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Late Spring Snow- Respect Mountain Weather!
Trip Report

Late Spring Snow- Respect Mountain Weather!

 

Page Type: Trip Report

Location: Colorado, United States, North America

Lat/Lon: 39.00970°N / 106.8608°W

Object Title: Late Spring Snow- Respect Mountain Weather!

Date Climbed/Hiked: Jun 11, 2004

 

Page By: mtwashingtonmonroe

Created/Edited: Jun 13, 2004 /

Object ID: 169406

Hits: 1829 

Page Score: 69.88%  - 1 Votes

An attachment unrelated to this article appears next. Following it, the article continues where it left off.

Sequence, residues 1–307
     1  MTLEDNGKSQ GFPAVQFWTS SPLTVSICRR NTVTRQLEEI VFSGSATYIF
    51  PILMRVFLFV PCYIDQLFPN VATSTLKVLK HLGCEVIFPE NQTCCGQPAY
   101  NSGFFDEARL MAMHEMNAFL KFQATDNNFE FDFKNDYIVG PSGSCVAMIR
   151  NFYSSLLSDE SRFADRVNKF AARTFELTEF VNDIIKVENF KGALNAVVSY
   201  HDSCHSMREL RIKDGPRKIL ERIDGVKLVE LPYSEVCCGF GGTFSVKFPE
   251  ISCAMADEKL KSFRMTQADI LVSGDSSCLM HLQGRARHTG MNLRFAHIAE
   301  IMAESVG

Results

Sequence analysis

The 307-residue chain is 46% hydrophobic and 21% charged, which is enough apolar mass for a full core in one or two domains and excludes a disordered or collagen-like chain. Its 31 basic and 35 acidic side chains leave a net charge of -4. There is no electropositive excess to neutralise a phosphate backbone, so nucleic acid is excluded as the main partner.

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Castle Peak is one of the most beautiful peaks I've ever seen. From the towered ridges to the infamous rotten Elk Range rock, it has a lot of character. This was my first trip to the Rockies and being from Pennsylvania I wasn't sure I was even capable of climbing the lowest peak in the range because things were a lot larger than I had anticipated. I did ok though. I did what are considered "little peaks" to the people of the region even though I'll never understand that because to me there is no such thing as a little peak in the rockies unless you're comparing it to a fourteener. But anyways................I had climbed Estes Cone, Sundance Mountain, and Mount Sheridan in preparation for a summit bid on either Elbert or Castle. The previous evening left a good 3-4 inches of snow on the high peaks region of the Elk Range. As we drove up Castle Creek Road the valley looked beautiful with the fresh dusting of snow, something I'm not quite accustomed to being from PA in the month of June. We headed up the trail with what looked to be a beautiful day ahead of us at around 7:30am. Everything went according to plan as we hiked up the entire road to what is the regular parking area in Montezuma Basin. We had crossed a few tricky snow slopes which weren't too bad. As soon as we saw Montezuma basin, our jaws dropped at the snow slope. Needless to say, we were a little cautious as we slowly headed up the basin wall. The it seemed like suddenly out of no where, the clouds built into dark storm clouds and down came the snow. The winds picked up and in talking to another climber we found that the wind on the NW ridge was just about unbarable. That was all me and my climbing companions needed as we headed back down. My entire first trip to the Rockies was a very welcomed learning experience. We headed back down the slopes and found ourselves almost happier in our decision than reaching any summit in the world. It was a valuable learning experience that anyone who heads into the mountains should know. As we headed down we passed some young teenagers in shorts and t-shirts with nothing else that said they were gonna summit Castle. We warned them of the dangers and they continued on. I still don't know if they made it down, but temeratures were in the mid 20s and winds were averaging in the 40-50mph range. This is a good example of underestimation of a mountain. My biggest learning experience was not taking any chances with weather. Never assume that previous conditions will hold for the entire day. Mountain weather can change with a minutes notice. I will definately be heading back to the mountains many times in my life, but with an even larger respect for there power and force.


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